Professionals often carry on their professional practice as partners in a partnership or limited liability partnership. Partnerships can be created simply by conduct and the application of the Partnership Act or by a simple or complex partnership agreement.
Joint Venture Contract – Fiduciary Duties?
In other cases professionals associate in practice by participation in a contractual joint venture which, depending on the agreement and the circumstances, may or may not at law also be a partnership but, in any event, may attract the duties and obligations of partners, including fiduciary duties.
Some professionals may consider that they are only sharing space with other professional and may be very surprised to find that the arrangement gave rise at law to unexpected obligations.
Duty of Honest Performance
The recent decision of the Supreme Court of Canada in Bhasin v. Hrynew, though not a case about partnerships, nonetheless has a wide-ranging impact on professionals carrying on practice together simply by contract not amounting to a partnership.
“Commercial parties reasonably expect a basic level of honesty and good faith in contractual dealings…”
The Supreme Court of Canada recognized that “Commercial parties reasonably expect a basic level of honesty and good faith in contractual dealings…” The court recognized and articulated a new duty upon contracting parties, holding that:
“It is appropriate to recognize a new common law duty that applies to all contracts as a manifestation of the general organizing principle of good faith: a duty of honest performance, which requires the parties to be honest with each other in relation to the performance of their contractual obligations.”
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Experience – Litigation and Arbitration
Some of our lawyers have experience in partnership and contractual disputes between professionals, including the resolution of those disputes by trial or other proceedings in the Ontario Superior Court of Justice, including in the Commercial List in Toronto, and by commercial arbitration under the Arbitration Act and the International Commercial Arbitration Act. We also have experience in similar disputes between shareholders in start-up, closely-held and family owned companies.
An understanding of the practice details of dentists, doctors, accountants, lawyers, architects, engineers, planners, realtors, graphic designers and web designers is required to provide efficient and effective legal representation when they are in dispute.
We routinely speak at Continuing Professional Development seminars for the legal profession, including on matters related to partnership, joint venture and closely-held company disputes.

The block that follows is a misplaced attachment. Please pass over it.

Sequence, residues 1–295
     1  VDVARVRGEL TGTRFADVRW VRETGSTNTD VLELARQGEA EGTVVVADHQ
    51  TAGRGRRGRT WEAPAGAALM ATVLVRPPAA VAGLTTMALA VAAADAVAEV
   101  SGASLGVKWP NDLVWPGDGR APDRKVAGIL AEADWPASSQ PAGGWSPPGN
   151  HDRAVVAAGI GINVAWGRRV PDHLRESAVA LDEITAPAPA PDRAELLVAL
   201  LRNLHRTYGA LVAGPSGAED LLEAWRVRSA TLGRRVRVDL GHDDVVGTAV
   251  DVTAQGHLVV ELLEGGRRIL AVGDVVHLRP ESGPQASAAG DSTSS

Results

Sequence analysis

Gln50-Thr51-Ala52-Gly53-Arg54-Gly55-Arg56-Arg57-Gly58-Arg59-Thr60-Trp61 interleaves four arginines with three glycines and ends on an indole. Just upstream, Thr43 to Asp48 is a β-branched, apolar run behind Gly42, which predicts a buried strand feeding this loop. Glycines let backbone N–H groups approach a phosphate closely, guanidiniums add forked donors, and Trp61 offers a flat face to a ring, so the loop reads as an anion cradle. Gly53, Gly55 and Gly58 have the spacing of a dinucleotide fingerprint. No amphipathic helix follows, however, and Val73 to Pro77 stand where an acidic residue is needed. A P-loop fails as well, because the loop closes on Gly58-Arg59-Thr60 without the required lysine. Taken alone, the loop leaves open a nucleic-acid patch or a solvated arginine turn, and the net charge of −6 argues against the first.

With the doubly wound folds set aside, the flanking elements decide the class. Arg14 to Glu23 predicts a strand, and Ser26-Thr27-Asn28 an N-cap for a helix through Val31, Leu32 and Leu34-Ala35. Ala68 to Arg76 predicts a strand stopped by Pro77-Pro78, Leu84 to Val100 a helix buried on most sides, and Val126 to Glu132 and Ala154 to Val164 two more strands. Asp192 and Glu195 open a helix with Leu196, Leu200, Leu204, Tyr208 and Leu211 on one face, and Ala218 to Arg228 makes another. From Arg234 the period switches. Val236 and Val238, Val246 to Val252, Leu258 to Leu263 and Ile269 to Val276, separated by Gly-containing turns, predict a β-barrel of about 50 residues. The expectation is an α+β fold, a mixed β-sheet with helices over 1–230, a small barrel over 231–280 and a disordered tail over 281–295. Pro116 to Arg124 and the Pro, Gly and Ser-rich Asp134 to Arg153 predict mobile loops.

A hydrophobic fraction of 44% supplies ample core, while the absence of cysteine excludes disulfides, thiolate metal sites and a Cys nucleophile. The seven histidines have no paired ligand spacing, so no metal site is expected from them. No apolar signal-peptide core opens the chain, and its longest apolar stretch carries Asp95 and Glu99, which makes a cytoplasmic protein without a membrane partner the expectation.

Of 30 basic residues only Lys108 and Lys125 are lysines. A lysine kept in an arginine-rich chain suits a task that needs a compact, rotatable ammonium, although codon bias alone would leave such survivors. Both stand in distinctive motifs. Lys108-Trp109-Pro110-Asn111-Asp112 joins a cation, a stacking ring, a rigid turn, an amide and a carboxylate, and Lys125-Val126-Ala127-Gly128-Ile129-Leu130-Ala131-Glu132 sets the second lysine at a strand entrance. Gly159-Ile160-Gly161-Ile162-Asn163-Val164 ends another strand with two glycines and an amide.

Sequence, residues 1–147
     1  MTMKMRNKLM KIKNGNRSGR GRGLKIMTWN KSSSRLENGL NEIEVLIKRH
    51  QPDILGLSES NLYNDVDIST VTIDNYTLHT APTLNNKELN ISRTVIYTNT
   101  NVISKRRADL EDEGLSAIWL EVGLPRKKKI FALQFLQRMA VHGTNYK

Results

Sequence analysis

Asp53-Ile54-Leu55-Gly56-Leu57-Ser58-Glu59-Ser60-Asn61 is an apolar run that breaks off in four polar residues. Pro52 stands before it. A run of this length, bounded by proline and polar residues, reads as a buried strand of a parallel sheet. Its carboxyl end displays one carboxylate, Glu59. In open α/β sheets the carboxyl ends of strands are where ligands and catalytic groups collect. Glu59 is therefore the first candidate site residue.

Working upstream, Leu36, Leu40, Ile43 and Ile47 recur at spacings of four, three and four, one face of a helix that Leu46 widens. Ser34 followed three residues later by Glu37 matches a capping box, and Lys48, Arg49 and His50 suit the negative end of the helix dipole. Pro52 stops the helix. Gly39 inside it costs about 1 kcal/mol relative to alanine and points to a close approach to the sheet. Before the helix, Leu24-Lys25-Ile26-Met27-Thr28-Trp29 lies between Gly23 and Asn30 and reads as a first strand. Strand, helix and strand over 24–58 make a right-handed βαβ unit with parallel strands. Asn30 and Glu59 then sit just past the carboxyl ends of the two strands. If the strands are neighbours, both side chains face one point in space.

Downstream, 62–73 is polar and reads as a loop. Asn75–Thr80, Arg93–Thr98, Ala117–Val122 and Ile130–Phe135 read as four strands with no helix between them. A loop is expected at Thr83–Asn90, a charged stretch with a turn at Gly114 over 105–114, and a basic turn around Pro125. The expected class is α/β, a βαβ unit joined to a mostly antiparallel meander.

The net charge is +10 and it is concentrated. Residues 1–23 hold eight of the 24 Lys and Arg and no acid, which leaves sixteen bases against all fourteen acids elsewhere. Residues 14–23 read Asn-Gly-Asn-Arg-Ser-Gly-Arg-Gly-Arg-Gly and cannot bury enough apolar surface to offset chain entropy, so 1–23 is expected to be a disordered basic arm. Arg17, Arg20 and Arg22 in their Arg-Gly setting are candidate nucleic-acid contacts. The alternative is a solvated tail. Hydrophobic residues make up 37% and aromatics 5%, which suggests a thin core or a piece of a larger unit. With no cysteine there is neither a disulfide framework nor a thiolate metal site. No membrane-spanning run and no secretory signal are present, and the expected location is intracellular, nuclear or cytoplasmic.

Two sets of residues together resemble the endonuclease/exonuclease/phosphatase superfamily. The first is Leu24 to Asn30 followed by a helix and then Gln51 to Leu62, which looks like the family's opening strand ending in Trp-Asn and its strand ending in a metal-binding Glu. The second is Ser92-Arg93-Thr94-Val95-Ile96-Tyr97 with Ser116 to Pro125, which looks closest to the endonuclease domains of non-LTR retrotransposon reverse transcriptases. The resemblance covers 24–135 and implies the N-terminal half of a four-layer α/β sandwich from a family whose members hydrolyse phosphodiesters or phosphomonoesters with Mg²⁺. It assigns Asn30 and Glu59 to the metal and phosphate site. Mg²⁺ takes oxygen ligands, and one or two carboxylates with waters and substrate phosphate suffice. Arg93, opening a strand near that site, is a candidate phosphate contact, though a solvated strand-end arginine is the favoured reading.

David Alderson, lawyer at this firm, was a panelist at the Law Society of Upper Canada Continuing Professional Development program, The Annotated Partnership Agreement, on the panel entitled “Review of the Differences (Legal and Drafting) Between a Partnership and a Joint Venture – Understanding the Significant Consequences”, and was a member of faculty for the Osgoode Professional Development program Shareholder Litigation and the Closely-Held Company.
Injunctions and other Urgent Remedies
We are regularly retained to bring or respond to injunctions and other urgent remedies. The need for such steps is often present in partnership disputes, particularly when a partner has been excluded from the business or there are financial irregularities in the practice.
We have considerable experience in seeking and responding to motions for summary judgment in commercial matters. The Supreme Court of Canada in Hryniak v. Mauldin changed the law relating to summary judgment. David Alderson, lawyer at this firm (though not at the time of the hearing), was co-counsel on that case. This case has had such a significant impact on civil legal proceedings in the courts in Ontario, including with respect to the access to justice, that it has, in the course of one year since the decision was released, been cited in more than 3,000 reported decisions of the courts in Canada and over 1,900 cases in Ontario alone. You can read his recent chapter on summary judgment in the Annual Review of Civil Litigation.
Lawyers at our firm have appeared as counsel on appeals before the Divisional Court of the Ontario Superior Court of Justice, the Ontario Court of Appeal, the Federal Court of Appeal and the Supreme Court of Canada.
Please contact Gilbertson Davis LLP to arrange an initial consultation. In disputes of this type it is often important to promptly commence initial first steps following legal advice.
Click here for our related webpage on Partnership Disputes.